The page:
The four regions of the Armorique Regional Natural Park
Parc Naturel Regional d’Armorique was created in 1969. At 112,000 hectares (450,000 acres, give or take) it was the second natural park to be so designated in France and embraces a large swathe of central Brittany, from the coast in the west to the gentle uplands of the interior.
Four distinct regions are recognised: the Iroise Sea islands; the mainly lower maritime reaches of the River Aulne; the Crozon Peninsula between Brest in the north and Douarnenez in the south; and the Monts d’Arree.
The Iroise Sea
According to Brittany Tourism (and who am I to argue?) the Iroise Sea harbours “the greatest seaweed field in Europe” and the greatest number of fish species in France’s coastal Atlantic waters. It takes in two groups of islands: the northerly Molene archipelago and the southerly and much smaller Ile de Sein archipelago. It is also a UNESCO biosphere reserve, teeming with wildlife – from grey and common seals and bottlenose dolphins to assorted seabirds.
The Ile d’Ouessant
The Ile d’Ouessant (pronounced Ushant) is part of the Molene archipelago and connected by ferry to Brest. The island is especially noted for its birds. Among the breeding species are red-billed chough, marsh harrier, kittiwake, razorbill, Dartford warbler, raven and oystercatcher, and rare autumn migrants include American warblers and waders and east European warblers. Such avian flotsam and jetsam are guaranteed to send twitchers into paroxyms of delight! Lampaul, the island’s main community, has both a park office and a bird observatory.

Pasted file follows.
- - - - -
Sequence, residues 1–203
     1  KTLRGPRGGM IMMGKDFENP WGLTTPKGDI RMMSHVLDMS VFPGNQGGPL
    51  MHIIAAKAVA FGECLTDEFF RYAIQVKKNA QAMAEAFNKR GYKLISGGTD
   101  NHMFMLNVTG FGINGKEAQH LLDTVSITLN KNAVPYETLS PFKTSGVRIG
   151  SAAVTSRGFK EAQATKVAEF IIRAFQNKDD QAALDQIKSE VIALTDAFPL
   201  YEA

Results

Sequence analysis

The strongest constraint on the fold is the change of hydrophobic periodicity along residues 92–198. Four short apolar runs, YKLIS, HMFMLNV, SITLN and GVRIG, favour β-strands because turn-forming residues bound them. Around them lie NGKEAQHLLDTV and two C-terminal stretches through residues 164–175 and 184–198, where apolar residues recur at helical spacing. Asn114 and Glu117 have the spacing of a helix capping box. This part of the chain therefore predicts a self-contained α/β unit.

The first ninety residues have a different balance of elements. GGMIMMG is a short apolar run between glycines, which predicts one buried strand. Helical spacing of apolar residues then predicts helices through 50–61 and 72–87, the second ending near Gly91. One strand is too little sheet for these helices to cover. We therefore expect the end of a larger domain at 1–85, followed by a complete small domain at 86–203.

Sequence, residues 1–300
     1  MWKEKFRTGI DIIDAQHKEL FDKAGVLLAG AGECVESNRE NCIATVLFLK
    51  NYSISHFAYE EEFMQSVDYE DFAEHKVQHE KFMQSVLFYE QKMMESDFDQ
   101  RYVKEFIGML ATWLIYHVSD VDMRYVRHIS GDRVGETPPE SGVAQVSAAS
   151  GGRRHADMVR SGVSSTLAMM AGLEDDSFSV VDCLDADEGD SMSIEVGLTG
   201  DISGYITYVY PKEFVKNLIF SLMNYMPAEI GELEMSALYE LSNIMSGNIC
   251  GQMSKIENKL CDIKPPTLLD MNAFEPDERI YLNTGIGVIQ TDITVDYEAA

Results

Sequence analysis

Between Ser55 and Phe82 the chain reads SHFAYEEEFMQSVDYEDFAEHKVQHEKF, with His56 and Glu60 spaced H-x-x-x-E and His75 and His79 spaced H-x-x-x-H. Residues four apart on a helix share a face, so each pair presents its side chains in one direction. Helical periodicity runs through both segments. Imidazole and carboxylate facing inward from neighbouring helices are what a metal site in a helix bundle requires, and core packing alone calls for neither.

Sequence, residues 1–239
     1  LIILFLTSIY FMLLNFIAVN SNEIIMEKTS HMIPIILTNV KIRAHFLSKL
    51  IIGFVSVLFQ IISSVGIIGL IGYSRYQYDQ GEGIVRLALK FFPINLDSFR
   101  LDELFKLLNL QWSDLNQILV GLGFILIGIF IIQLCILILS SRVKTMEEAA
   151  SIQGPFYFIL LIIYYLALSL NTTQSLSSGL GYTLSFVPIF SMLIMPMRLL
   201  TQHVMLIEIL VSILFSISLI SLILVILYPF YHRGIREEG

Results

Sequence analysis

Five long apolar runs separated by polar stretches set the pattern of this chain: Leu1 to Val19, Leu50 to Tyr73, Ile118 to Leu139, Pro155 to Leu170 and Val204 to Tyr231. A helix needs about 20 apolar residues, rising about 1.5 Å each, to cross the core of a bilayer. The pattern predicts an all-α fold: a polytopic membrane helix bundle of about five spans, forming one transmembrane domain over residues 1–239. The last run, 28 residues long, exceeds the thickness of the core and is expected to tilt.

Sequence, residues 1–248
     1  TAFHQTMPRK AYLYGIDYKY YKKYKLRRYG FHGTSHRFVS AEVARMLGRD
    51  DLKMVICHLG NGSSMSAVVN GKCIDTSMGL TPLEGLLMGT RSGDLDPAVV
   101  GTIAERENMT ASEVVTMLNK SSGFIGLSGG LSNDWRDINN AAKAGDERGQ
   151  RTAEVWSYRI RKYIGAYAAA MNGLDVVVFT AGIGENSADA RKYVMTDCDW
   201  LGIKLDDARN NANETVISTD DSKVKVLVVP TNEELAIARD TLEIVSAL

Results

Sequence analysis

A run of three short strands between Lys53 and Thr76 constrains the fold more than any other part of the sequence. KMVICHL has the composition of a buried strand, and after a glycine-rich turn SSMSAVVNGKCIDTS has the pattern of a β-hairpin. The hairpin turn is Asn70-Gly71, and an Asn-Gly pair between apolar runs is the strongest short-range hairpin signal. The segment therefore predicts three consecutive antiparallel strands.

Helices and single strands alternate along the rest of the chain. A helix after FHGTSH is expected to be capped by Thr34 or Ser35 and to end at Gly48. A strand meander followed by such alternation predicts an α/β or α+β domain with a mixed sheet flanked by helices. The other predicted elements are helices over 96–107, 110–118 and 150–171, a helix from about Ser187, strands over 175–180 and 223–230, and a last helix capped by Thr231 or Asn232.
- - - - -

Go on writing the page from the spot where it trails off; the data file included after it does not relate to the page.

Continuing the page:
The Crozon peninsular
On the Crozon Peninsula – another of the four regions of the Armorique Regional Natural Park – we drove to Cap de la Chevre, the most southerly point, and enjoyed a bracing clifftop walk before popping into the waterfront community of Morgat, which has a lovely beach, on the way to lunch in the quite sizeable town of Crozon.
We decided it would be a good idea to get an appreciation of the area’s geography and a better view of the coastal landscapes of the Parc Naturel Regional d’Armorique.
So off we went to the Menez Hom viewpoint, off the D887 between Crozon and Chateaulin. Our effort was richly rewarded.
Below us spread a patchwork of fields, open countryside, woods and small communities, cut by roads (mainly empty) and the Aulne estuary. Our intended brief visit to this high point turned into a stay of several hours, sitting on the bare hilltop watching paragliders wrestling with a blustery wind and model aircraft enthusiasts endeavouring to maintain radio control.
“The tranquillity of this picture-postcard countryside belied the fact that it was pulsating with life.”
The Monts d’Arree